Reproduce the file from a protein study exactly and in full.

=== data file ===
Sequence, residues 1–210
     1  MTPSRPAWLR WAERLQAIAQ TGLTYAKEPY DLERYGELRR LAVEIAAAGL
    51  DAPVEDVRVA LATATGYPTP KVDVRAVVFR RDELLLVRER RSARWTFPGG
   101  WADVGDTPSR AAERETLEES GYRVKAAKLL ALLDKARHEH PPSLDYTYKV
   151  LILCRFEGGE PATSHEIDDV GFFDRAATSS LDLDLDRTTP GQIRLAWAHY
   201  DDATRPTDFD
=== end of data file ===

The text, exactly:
Sequence, residues 1–210
     1  MTPSRPAWLR WAERLQAIAQ TGLTYAKEPY DLERYGELRR LAVEIAAAGL
    51  DAPVEDVRVA LATATGYPTP KVDVRAVVFR RDELLLVRER RSARWTFPGG
   101  WADVGDTPSR AAERETLEES GYRVKAAKLL ALLDKARHEH PPSLDYTYKV
   151  LILCRFEGGE PATSHEIDDV GFFDRAATSS LDLDLDRTTP GQIRLAWAHY
   201  DDATRPTDFD